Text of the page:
Pet owners nowadays are really lucky to have pet events happening almost every month. I used to stalk pets on the streets and I end up looking awkward and all. With events, you are sure to have as many subjects to photograph. Take advantage of these events to meet new friends. Take pictures of your friends’ pets as well. If your animal companion likes to go out, then it will make for a good new setting or backdrop to make great memories. Personal events such as birthdays, rescueversaries and adoptiversaries are milestones worth preserving through pictures. Holidays that inspire decor could also be another photo opportunity.
My general rule is always focus on the eyes. Focus, hold still, and click and hold for a few seconds. You may also focus on the nose, butt, or paw if you want to highlight those parts.
I always advise my clients to groom their pets before a shoot. Tissues and wipes during the shoot are very handy as we want them to look their 100 percent.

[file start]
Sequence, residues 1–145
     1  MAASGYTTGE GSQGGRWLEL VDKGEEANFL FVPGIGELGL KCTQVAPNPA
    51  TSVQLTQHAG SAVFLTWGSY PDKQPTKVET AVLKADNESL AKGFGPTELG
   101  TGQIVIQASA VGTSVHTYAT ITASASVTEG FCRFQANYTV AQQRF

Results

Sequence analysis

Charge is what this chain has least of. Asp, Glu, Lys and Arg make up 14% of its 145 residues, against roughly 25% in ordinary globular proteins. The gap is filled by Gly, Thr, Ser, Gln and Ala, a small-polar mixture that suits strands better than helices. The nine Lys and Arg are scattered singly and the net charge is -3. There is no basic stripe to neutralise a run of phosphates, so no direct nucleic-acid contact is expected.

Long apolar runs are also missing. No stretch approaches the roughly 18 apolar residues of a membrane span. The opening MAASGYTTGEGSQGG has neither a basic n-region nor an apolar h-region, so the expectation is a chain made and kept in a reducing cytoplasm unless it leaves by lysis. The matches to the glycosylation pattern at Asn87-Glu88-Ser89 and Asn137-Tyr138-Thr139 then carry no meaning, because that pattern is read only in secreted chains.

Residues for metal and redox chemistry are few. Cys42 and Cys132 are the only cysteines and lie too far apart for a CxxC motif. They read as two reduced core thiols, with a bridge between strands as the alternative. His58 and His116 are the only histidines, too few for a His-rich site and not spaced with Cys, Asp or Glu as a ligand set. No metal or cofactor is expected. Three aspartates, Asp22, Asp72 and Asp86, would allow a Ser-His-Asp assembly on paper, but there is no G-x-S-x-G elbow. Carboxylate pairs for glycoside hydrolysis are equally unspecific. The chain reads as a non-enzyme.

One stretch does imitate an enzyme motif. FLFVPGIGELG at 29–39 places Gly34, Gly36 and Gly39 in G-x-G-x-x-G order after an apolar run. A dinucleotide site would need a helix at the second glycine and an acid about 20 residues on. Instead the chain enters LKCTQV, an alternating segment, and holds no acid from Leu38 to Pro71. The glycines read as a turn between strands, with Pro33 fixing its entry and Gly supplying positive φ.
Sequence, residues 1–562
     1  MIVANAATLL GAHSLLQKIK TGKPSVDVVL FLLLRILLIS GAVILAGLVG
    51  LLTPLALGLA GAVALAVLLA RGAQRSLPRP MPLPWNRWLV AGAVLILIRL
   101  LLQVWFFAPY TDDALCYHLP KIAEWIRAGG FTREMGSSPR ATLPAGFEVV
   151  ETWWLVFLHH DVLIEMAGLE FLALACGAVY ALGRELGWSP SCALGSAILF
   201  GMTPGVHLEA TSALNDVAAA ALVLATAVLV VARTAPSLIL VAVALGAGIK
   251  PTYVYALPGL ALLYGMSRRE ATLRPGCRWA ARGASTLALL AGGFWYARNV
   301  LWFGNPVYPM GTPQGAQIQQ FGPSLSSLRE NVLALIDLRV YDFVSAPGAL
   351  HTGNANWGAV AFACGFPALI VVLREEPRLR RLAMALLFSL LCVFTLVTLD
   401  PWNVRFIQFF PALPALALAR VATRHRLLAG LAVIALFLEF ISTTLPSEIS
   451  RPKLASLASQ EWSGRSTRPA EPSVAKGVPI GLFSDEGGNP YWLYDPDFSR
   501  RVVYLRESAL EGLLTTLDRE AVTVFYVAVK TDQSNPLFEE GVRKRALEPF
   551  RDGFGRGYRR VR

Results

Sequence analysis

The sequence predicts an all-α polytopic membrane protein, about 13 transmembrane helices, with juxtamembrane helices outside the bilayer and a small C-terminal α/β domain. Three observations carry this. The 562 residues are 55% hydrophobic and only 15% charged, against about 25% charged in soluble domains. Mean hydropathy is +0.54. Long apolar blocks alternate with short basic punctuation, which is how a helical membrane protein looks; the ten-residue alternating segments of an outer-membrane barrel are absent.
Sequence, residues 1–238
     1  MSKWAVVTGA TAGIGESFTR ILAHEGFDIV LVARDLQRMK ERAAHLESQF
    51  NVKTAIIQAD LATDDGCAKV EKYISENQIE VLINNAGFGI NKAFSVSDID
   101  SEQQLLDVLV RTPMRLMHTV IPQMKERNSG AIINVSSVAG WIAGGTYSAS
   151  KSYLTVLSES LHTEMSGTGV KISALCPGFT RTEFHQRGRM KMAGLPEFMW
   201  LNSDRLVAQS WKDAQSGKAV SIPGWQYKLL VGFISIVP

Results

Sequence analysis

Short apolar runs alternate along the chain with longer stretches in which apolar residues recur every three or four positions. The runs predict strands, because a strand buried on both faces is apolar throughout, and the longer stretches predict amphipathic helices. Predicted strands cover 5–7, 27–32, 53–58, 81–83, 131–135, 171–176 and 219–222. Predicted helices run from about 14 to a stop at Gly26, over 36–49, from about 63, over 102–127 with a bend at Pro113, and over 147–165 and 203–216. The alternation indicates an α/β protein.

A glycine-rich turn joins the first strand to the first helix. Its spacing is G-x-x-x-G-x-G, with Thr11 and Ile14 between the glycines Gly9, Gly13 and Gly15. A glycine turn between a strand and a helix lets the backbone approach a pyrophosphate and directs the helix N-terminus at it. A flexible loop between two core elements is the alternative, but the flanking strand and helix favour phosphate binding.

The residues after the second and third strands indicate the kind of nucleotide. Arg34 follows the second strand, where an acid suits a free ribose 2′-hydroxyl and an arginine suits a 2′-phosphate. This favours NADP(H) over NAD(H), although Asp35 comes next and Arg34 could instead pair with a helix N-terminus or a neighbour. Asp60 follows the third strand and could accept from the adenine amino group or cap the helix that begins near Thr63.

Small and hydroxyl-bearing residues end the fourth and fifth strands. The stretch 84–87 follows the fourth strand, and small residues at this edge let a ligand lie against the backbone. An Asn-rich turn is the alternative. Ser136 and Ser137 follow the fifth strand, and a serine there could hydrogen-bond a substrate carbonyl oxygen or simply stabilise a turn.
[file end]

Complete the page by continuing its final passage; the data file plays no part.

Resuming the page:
Honor a pet’s individuality. I am a big believer in letting a pet’s character shine through. If a cat always hisses, then I’ll take pics of that. If a pet loves to steal slippers, then I’ll freeze that moment to be treasured forever.
The World Wide Web is a beautiful space with many avenues where we can post our pictures. I started with Bunspace (MySpace for rabbits), then LiveJournal, and then I created my website Petograpiya in 2010. I have since chosen Instagram as my main platform for showcasing my latest pictures and connecting with other pet lovers. Choose a platform (or two) where you can see and archive your most precious memories. It will allow you not only to reminisce but also to see how you’ve improved.
Just have fun
Taking pictures is an experience of being with your beloved. It is precious time spent to be with them. Make it fun for both of you.
Keep your memories forever
Always backup your files and choose a cloud service in case your computer or phone breaks down. You may choose to print some and display them around your home.